According to the Workplace Gender Equality Agency, latest gender data suggests that the pay gap between female and male university graduates last year more than doubled – increasing from $2000 to $5000 a year.
The 2012 GradStats report produced by Graduate Careers Australia allegedly shows median full-time employment starting salaries for men are $55,000 (up from $52,000 in 2011), compared to $50,000 for female graduates (no change from 2011). The current graduate gender pay gap across all occupations stands at 9.1%.
Recent school leavers may be dismayed as they consider their futures while waiting for university offers for 2013 places.
Research Executive Manager at the Workplace Gender Equality Agency, Dr Carla Harris said ‘It is very disturbing that men’s starting salaries have increased over the past year but those of women have not, especially given that women make up the majority of university graduates.
“The lesson here is that the gender pay gap continues to have a very real impact on the bank balance of young women starting their careers.”
The gender pay gap for graduates was most noticeable in occupational areas such as: architecture and building (17.3%, $9,000 difference); dentistry (15.7%, $14,400 difference); optometry (8.5%, $7,000 difference) and law (7.8%, $4,300 difference). All traditionally male dominated fields.
“I’m certain that any female school leaver contemplating a career in dentistry, would be outraged knowing she can expect to earn more than $14,000 less than a man in her first year on the job,” Dr Harris said.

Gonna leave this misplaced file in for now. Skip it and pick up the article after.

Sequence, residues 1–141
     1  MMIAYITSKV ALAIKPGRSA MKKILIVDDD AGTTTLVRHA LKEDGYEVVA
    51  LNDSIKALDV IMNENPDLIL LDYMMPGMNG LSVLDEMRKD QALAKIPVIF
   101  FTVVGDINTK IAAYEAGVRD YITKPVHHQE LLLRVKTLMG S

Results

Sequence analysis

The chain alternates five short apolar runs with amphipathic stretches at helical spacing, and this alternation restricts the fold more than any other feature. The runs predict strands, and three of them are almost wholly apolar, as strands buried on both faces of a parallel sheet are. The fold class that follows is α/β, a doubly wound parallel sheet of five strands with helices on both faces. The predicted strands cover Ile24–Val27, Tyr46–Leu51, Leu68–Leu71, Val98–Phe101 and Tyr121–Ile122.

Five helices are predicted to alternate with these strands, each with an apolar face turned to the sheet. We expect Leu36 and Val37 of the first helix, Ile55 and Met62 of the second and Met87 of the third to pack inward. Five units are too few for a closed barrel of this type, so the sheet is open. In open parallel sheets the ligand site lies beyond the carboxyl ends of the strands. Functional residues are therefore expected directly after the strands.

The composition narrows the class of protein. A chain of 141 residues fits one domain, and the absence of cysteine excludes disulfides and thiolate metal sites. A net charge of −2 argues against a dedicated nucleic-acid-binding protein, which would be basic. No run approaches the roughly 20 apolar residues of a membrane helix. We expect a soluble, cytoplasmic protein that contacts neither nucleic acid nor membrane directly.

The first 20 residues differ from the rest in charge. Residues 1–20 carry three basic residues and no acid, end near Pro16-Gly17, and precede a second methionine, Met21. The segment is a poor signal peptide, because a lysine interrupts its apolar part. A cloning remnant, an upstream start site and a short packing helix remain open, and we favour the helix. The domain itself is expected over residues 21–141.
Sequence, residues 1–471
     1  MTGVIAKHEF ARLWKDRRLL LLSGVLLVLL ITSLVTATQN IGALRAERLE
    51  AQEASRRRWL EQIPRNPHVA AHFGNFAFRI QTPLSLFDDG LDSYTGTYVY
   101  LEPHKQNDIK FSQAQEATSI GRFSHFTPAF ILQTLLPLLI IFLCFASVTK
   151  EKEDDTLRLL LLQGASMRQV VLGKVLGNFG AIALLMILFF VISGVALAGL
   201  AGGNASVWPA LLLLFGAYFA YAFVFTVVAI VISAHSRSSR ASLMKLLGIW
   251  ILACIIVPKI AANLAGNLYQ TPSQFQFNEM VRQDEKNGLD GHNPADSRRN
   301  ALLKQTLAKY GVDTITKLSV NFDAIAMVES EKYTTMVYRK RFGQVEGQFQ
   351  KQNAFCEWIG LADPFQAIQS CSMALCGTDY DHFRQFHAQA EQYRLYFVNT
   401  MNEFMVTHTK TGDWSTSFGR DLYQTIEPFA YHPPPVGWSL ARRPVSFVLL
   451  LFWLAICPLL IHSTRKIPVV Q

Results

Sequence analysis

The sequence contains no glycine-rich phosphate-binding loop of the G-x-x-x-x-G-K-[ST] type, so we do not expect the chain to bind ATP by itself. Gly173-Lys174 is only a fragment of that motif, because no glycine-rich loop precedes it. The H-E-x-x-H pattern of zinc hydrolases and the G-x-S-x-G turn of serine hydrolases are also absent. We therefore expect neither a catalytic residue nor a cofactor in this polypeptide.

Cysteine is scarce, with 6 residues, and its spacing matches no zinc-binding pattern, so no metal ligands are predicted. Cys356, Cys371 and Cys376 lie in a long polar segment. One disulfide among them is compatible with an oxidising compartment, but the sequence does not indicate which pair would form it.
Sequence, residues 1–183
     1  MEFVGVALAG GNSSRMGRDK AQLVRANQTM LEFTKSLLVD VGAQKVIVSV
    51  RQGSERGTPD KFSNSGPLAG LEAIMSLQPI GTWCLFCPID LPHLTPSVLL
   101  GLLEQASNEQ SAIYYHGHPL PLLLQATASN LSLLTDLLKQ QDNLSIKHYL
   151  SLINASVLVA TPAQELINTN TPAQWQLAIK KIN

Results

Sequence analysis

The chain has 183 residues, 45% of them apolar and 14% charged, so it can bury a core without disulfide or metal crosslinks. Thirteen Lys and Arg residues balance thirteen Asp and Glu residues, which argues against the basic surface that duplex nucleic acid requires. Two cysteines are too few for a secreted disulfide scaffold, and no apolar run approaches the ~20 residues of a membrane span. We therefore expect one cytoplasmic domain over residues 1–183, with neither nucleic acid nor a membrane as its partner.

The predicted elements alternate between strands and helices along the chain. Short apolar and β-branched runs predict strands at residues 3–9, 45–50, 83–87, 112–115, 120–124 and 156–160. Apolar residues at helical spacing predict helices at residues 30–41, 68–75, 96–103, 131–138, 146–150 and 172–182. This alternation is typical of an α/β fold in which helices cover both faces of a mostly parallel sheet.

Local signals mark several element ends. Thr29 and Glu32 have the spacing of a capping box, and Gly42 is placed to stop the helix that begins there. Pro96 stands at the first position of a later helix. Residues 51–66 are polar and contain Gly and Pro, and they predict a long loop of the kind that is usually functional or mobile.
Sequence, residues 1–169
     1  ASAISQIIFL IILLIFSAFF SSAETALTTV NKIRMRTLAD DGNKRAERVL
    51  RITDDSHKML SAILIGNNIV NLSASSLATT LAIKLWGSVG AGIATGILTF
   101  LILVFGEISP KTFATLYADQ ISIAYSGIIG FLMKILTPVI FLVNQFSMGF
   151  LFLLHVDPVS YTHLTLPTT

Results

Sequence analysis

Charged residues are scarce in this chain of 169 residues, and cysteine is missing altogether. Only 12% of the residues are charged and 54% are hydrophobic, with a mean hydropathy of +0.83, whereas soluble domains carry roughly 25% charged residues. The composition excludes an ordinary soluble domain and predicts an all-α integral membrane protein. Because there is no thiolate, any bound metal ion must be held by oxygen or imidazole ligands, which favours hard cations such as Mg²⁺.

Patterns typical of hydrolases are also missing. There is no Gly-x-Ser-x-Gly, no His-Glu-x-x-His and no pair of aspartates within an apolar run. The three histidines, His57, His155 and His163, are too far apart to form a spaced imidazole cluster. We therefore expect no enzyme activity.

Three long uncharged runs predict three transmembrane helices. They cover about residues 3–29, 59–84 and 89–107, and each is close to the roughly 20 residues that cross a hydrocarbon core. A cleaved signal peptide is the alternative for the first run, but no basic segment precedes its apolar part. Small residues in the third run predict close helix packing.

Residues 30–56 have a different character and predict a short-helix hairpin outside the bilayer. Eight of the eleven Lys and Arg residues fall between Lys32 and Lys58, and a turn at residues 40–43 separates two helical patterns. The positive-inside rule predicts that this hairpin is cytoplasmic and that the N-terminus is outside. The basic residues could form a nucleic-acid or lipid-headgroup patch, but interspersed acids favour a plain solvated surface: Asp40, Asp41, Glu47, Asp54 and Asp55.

Amongst the results, there are seven out of 23 occupations where female graduates earn a little more than their male counterparts. Female computer scientists, earth scientists, pharmacists and engineers are amongst those who earn more than male graduates.
Just three occupational categories had no gender pay gap at all in starting salaries. These were education, humanities and medicine.
Did the WGEA jump the gun?
In reply, the Graduate Skills Council state that the report findings were misrepresented and the report in fact demonstrates that there has been no change in the gender pay gap – it remains at 3%. However, the GCA did say “I think it’s really unlikely there is any responsible graduate recruiter who is paying a different salary to males and females”.
A deeper look into the data is on the cards to assess the real story here.